Hillary's about to get away with a stiff-arm: She needs to fundamentally rethink her policies -- and we need to demand it

This was the year to demand more than someone marginally better than the GOP, and to push to build on Obama years

By Paul Rosenberg
February 22, 2016 11:35PM (UTC)
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Democratic presidential candidate Hillary Clinton makes a point during a campaign stop, Wednesday, Feb. 17, 2016, in Chicago. (AP)

Both Bernie Sanders and Hillary Clinton did well in the NBC/Telemundo Town Hall [transcript] last week, as most commentators seemed to agree. It was not a gamechanger in the primary, despite coming at a crucial time. And yet, there was a moment in Clinton's performance that seemed to crystalize everything she is struggling with—and arguably, everything the Democratic Party is struggling with as well.  One moment, the crowd broke out into applause as Clinton said, “Maybe it's that Sen. Sanders wasn't really a Democrat until he decided to run for president.” But a sudden wave of boos met her after her next line, “He doesn't even know what the, you know, last two Democratic presidents did,” and the booing continued as she protested their response, “Well, it's true. It's true. You know it's true. I mean, it happens to be true.” 

The sudden shift in mood from the audience wasn't just because Clinton's argument was a non sequitur, it was elicited by a cheap shot, but it reflected something deeper that pollster Stan Greenberg has been arguing for some time, based on his polling data—that the Obama coalition  (Greenberg, among others, calls it  the rising American electorate”) sees Obama's accomplishments as a floor to build on, and they share Sanders aspirations to push even farther. In trying to portray Sanders as other, as an outside interloper, she was actually attacking the very voters she was trying to woo.


That moment—and Clinton's struggles more broadly—also reflect another deeper reality: That Bernie Sanders is right about democratic socialism, it produces better lives for people, and that the Third Way/DLC/New Democrat tradition that Clinton comes out of does not—although it's certainly better than what the conservatives are pushing.

By its very nature, political campaign coverage deals with politics as theater. But what we saw in the Nevada Town Hall was ultimately shaped by inescapable reality, slowly over many years, in people's lives, but also suddenly over the course of a few weeks and days in the shifting dynamics of the political campaign. Whichever candidate prevails in the end, the Democratic Party will only succeed if it comes to grips with these underlying realities, as a necessary pre-condition to winning the war of political theater this year.

It's instructive to look at how the moment of Clinton's booing came about.  It began with a question being posed by Jose Diaz-Balart, giving voice to a Sanders criticism that neither Clinton nor any of her supporters have been able to answer, except by changing the subject, or shifting the frame of reference—as Clinton, once again, attempted to do:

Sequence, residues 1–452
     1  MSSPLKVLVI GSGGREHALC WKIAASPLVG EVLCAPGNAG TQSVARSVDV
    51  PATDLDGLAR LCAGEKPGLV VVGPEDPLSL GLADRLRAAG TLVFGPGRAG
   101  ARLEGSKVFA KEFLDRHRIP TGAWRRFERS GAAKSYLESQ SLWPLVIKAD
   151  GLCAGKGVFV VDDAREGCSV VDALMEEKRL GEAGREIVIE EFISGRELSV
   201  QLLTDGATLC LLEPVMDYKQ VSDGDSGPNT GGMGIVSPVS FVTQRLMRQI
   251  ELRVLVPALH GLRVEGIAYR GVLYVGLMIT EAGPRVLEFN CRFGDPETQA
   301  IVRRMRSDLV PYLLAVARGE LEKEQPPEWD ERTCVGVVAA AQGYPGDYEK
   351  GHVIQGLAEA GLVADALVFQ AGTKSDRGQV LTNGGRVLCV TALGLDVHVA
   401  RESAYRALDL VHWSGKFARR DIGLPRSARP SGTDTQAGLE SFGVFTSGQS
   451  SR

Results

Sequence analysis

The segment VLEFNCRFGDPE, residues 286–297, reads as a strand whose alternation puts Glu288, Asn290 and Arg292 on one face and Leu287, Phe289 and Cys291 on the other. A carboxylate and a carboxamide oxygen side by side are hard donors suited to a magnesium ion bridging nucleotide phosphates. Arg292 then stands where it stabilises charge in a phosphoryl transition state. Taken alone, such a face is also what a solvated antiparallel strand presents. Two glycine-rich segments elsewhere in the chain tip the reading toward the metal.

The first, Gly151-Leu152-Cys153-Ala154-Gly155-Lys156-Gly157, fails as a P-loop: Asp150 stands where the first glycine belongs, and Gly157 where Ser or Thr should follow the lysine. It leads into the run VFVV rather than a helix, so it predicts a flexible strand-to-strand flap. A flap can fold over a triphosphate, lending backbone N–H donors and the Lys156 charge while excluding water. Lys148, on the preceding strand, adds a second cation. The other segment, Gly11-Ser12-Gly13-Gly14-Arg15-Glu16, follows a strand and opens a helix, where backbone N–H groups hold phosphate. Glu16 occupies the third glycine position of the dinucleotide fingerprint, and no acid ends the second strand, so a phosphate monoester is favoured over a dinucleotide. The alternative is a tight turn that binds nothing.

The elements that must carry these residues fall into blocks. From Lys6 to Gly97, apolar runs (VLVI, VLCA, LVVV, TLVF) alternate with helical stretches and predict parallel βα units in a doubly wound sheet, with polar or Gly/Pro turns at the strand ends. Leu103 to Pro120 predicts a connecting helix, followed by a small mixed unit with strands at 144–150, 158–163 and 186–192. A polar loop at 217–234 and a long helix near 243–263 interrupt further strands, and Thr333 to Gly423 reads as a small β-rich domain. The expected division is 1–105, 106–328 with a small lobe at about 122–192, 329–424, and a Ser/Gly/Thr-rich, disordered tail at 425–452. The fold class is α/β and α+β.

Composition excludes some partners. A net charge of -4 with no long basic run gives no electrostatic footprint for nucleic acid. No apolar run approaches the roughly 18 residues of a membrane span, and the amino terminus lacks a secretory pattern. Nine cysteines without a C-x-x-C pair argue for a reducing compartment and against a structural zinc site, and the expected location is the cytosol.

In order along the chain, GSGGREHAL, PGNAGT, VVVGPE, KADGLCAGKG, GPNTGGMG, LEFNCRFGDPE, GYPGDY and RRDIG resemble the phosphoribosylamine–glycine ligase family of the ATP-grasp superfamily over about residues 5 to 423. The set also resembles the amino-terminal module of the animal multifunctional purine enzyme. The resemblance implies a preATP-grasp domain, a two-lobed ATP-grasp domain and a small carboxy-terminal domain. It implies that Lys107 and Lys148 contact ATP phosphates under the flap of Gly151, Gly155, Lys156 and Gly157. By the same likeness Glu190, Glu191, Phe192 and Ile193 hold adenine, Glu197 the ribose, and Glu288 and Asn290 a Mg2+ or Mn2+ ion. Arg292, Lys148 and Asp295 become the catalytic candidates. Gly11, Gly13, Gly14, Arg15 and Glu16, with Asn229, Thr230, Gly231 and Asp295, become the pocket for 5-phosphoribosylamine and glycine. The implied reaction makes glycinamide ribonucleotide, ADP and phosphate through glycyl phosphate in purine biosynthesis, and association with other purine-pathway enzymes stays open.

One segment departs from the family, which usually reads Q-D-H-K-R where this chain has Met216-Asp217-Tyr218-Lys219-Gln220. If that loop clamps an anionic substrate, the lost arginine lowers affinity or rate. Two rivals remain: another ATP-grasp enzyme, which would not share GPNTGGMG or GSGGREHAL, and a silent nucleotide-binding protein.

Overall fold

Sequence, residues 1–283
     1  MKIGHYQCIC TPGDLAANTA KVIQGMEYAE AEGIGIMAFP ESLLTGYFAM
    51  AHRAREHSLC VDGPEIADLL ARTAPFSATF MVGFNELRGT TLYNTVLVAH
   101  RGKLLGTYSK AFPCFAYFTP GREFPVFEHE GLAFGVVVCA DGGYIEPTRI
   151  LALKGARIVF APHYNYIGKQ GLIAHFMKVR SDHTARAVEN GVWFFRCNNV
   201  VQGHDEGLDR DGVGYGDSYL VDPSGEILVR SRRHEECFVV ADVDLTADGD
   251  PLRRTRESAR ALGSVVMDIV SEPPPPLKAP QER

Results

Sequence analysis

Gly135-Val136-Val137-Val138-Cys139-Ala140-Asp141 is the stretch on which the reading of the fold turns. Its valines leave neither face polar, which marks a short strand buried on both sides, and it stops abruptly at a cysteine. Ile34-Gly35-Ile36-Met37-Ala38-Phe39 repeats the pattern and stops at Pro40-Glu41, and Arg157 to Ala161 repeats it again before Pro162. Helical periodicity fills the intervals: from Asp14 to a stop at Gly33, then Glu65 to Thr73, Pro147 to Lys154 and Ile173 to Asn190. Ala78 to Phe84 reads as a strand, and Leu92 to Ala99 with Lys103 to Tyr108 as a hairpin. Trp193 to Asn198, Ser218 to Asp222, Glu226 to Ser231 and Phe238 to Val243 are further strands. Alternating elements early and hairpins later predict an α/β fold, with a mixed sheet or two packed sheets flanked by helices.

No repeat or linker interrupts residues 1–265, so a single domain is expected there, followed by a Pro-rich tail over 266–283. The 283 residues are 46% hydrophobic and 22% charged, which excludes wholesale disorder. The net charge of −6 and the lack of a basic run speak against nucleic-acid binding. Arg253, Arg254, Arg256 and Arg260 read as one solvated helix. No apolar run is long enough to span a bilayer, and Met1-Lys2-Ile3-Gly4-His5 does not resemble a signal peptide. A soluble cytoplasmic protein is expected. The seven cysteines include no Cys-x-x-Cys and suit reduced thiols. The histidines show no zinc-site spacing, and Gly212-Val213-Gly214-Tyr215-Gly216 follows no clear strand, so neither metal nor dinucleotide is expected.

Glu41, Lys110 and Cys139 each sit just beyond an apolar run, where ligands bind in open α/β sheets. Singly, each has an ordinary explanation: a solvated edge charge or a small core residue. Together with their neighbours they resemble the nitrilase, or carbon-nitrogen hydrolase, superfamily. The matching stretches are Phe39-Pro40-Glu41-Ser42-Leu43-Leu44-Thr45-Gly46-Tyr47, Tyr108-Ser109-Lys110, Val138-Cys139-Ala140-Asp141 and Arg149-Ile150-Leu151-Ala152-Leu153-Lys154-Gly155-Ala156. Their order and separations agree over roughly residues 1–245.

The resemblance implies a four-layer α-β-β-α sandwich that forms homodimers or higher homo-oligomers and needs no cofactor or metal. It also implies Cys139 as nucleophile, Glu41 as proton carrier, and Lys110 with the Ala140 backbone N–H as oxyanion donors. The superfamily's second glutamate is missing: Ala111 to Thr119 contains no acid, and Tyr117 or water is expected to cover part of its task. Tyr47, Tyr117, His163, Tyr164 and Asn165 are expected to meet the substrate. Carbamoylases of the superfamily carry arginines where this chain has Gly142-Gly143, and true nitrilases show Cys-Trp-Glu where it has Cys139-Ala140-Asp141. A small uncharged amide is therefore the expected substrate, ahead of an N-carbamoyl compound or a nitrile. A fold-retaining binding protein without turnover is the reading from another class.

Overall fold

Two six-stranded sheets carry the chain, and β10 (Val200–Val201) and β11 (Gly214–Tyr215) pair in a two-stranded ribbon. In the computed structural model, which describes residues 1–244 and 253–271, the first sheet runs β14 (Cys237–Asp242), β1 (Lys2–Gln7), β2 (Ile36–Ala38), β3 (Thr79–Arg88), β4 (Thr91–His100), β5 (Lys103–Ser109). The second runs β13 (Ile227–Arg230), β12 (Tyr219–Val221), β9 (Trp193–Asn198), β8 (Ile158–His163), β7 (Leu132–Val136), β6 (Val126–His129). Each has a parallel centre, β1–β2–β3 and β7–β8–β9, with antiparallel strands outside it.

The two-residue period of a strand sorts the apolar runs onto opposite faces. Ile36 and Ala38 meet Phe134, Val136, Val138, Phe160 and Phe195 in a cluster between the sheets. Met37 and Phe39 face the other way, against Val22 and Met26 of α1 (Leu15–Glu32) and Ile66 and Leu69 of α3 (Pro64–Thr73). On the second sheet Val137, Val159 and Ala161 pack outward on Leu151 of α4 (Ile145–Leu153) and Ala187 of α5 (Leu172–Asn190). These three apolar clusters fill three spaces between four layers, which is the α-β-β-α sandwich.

DIAZ-BALART: Secretary, on his plane flight here Sen. Sanders attacked your husband's legacy. And to quote he said Bill Clinton was the president who led the effort to deregulate Wall Street, was the president who fought for the disastrous NAFTA trade agreement, was the president who pushed the so-called welfare reform, which was absolutely disastrous for low-income people.

Should you be held accountable for your husband's…?

CLINTON: Well, he was the president who created 23 million jobs, who raised incomes for every group in America, not just those at the top. In fact, African-American families, Latino families had an even higher than average increase in income, created some great economic development programs like you know the Empowerment Zones and the New Market Tax Credits.

Clinton is deflecting here, in a classic political move. Rather than trying to defend the indefensible, she shifts to talking about the positives—some of which (the job creation and rising incomes) are true, while others are much less certain (Empowerment Zones, for example). However, what's being obscured here is not just a point of political embarrassment for Secretary Clinton, it's a fundamental lived reality that's affected tens of millions of American families over that past 20-30 years. The place-based, supply-side logic of enterprise zones (Clinton's “Empowerment Zones” were just one example) was a response to widespread de-industrialization, which NAFTA made significantly worse. So, to the extent that the latter were successful (assessments are mixed), they are swimming against the stream of a broader adversity that Clinton was also responsible for. Similarly, “welfare reform” looked reasonably successful in the short run, paired with expansions in the Earned Income Tax Credit, but when hard times have hit, and welfare has been needed most, that's when its failure has became strikingly apparent.

All this can be ignored by the bipartisan political establishment, who are far removed from the lived reality of most Americans, but it's profoundly shaped our national reality nonetheless. So, though she didn't realize it, Clinton was skating on thin ice when she glossed over how damaging her husband's policies had been. She then picked up speed heading into her main political move: identifying herself with Obama, and portraying Sanders as an outsider, an “other,” akin to the Republicans:

[CLINTON] So you know, I know that Sen. Sanders has also attacked President Obama. He's called him weak. He's called him disappointing. He tried to get somebody to run against him in the 2012 election in the primary.

And you know I just don't know where all this comes from because maybe it's that Sen. Sanders wasn't really a Democrat until he decided to run for president.


He doesn't even know what the, you know, last two Democratic presidents did...



CLINTON: And I'm -- you know, well, it's true. It's true. You know it's true. I mean, it happens to be true. And I've go to tell you, I look at our last two Democratic presidents, were they perfect? No, no person is.